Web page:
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Campus resources provide support to students

Published: Tuesday, September 11, 2012

Updated: Tuesday, September 11, 2012 12:09

Math and Stats tutoring

THE MATH AND STATS TUTORING LAB is available for students who are enrolled in certain math classes. The lab is a gathering place for students seeking help on their assignments. Lab hours are found on their website: www.usu.edu/arc/tutoring. JESSICA FIFE photo


Student fees and tuition cover a variety of resources on campus to encourage involvement and academic success. From study tips and free math tutoring to advocate programs for students with disabilities, Utah State University offers help to all students who seek it.

   

The Disability Resource Center is located in Room 103 of the University Inn and serves 900 students as of this semester. The center helps students with documented disabilities with their classes.

   

“We are here to make sure students with disabilities have equal access to their education,” said Diane Baum, director of the DRC.

   

Baum has worked for the university in the DRC for 31 years, and said she’s seen the center grow from assisting 47 students who were deaf or hard of hearing to currently working with the 900 who are enrolled.

   

In 1981, when Baum first arrived at Utah State University, her budget for giving services was $13,000, which was the same as her salary as a half-time worker for the school year. Since then she has lobbied and worked with other schools to receive funding for the program. Most of the money to support the DRC comes from the state legislature, with a small portion coming from the computer fees on campus. All services are available to students with disabilities.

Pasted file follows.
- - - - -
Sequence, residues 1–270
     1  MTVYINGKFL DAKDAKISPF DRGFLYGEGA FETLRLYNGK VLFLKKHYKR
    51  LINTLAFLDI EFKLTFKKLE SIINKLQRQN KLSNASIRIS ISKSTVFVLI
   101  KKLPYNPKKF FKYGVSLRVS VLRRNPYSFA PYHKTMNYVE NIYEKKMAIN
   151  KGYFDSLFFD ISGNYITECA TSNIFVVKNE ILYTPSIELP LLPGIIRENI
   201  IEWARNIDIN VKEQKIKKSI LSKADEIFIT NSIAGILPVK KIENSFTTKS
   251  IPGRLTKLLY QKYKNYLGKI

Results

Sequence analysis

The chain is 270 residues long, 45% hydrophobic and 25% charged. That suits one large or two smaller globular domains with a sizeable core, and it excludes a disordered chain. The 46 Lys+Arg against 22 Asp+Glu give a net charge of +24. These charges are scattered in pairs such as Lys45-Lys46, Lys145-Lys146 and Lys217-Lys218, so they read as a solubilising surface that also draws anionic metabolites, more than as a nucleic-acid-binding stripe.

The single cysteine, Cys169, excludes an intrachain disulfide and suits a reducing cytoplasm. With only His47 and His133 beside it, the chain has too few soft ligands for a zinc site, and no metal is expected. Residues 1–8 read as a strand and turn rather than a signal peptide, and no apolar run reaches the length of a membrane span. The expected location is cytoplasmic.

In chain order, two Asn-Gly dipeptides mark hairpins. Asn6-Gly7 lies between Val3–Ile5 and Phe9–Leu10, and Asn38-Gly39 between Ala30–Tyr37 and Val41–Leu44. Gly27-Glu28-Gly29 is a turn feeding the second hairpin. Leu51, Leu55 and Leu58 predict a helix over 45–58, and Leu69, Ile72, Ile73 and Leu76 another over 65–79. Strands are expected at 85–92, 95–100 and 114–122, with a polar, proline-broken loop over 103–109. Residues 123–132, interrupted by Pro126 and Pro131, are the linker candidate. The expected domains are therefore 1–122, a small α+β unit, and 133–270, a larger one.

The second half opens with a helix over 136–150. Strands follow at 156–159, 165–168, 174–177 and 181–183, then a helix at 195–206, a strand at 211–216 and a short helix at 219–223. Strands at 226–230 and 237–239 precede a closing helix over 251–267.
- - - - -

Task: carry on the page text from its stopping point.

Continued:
“It’s against the law to make students with disabilities pay for our services,” she said. “Everyone uses the computer labs on campus, and we have a computer lab with specific technology for students with disabilities.”  

   

The DRC serves students with any sort of documented disability, including mental illnesses, learning disabilities, sensory impairments such as low vision, blindness and hearing loss, physical limitations such as back injuries, medical conditions such as diabetes, organ transplants and multiple sclerosis.

   

Baum said students with disabilities need to fill out an application and make an appointment to meet with a staff member.

   

“We have them meet with someone so we can understand the resources they’ll need,” she said.

   

The DRC is currently functioning because of governmental mandates and programs, Baum said. In 1973, legislation was put into effect which set an expectation for colleges and universities to provide equal access to all students.

   

“I got here in ‘81, and we survived on donations and money from the state,” Baum said.

   

When the Americans with Disabilities Act was passed in 1990, higher standards were set for higher education institutions.

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